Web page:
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Energy secretary responds to Green Deal criticism

Energy secretary Ed Davey has told H&V News the government is “holding back” on publicity for the Green Deal.

Mr Davey said the government was focusing on creating a sustainable Green Deal market, rather than boosting awareness before industry is ready to meet demand.

He said: “[Awareness of the Green Deal] was always going to be relatively low to begin with, and we’ve actually held back with some of our advertising spend because the real challenge is building up demand as you build up the supply chain.”

A lack of public awareness has been a focal point for criticism of the government’s flagship programme, which aims to retrofit 14 million homes by offsetting installation costs against future energy bill savings.

A recent poll found that 98 per cent of Britons did not fully understand the Green Deal, with 62 per cent saying they had never heard of it.

“As that supply chain grows we want demand to go with it,” Mr Davey said.

“At the early stages of this new very exciting market we’ve got to make sure its sustainable growth.”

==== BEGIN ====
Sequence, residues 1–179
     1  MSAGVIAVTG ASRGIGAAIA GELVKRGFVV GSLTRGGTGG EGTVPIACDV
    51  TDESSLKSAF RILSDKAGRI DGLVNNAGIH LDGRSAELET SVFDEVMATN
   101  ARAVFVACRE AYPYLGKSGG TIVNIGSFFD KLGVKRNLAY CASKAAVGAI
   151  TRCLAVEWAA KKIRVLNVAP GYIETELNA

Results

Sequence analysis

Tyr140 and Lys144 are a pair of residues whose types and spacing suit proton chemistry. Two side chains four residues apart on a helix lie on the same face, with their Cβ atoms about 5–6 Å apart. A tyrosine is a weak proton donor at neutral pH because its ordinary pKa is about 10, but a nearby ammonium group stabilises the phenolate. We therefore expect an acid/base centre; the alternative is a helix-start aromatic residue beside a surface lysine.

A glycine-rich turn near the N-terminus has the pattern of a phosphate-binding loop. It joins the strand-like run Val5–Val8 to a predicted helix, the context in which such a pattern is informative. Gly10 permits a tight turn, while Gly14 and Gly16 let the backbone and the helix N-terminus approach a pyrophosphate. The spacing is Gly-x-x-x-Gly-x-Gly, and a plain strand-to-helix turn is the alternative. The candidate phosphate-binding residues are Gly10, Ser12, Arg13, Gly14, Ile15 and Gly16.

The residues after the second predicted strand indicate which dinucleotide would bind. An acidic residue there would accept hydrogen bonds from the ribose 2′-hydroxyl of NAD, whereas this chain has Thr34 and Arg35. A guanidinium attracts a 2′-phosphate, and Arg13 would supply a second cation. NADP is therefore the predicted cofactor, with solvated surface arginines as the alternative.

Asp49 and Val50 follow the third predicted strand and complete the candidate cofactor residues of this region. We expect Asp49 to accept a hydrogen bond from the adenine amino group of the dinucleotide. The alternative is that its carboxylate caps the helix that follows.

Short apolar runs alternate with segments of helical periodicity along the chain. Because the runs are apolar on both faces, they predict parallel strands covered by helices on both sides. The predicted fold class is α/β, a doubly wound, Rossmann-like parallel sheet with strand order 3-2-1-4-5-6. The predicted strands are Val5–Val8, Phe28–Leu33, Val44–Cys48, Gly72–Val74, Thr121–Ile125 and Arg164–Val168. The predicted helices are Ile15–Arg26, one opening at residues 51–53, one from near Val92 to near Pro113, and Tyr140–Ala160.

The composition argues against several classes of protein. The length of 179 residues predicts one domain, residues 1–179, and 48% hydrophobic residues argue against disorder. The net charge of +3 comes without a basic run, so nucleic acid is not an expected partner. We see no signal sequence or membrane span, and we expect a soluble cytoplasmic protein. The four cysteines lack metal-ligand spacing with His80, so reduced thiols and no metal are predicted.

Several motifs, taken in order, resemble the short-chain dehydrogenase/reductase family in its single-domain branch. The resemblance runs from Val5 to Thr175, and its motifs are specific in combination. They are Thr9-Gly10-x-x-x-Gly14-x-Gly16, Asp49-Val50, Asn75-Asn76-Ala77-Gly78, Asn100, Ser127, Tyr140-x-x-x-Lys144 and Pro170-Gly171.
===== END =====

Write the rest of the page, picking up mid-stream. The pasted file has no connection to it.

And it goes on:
Mr Davey said he hopes people become more aware of the initiative, but said he wants it “to increase as demand increases”.

He also suggested he would be open to rival schemes to the Green Deal.

“What we’re about is trying to help people save money on their energy bills, to reduce carbon emissions and to create green jobs,” he said.

“I want that to happen as quickly as possible – there’ll be a whole range of different ways that this will grow, many of which we don’t even know about today.”

Mr Davey said the government intended to contest a court case brought against it by the European Commission over tax breaks for the Green Deal.

Readers' comments (1)

  • What absolute rubbish. The government have decimated the Insulation Industry which was running at full steam. The Green Deal was due to be launched in October 2012 but due to delays in finance arrangements wasn't launched until 28th January 2013. As a result, the industry set to deliver Green Deal has nationally made around 50% of its staff redundant, many 1,000's of people. The supply chain was in place to cope with demand. Its not anymore. It would be worth asking Ed Davey how many Green Deal Plans have been taken up since it's launch. My understanding is it could be as low as 2 because the funding mechanism still isn't in place.

    It would appear anything the government gets involved with gets turned upside down. I'm sure many of us remember how successful nationalised industry was.

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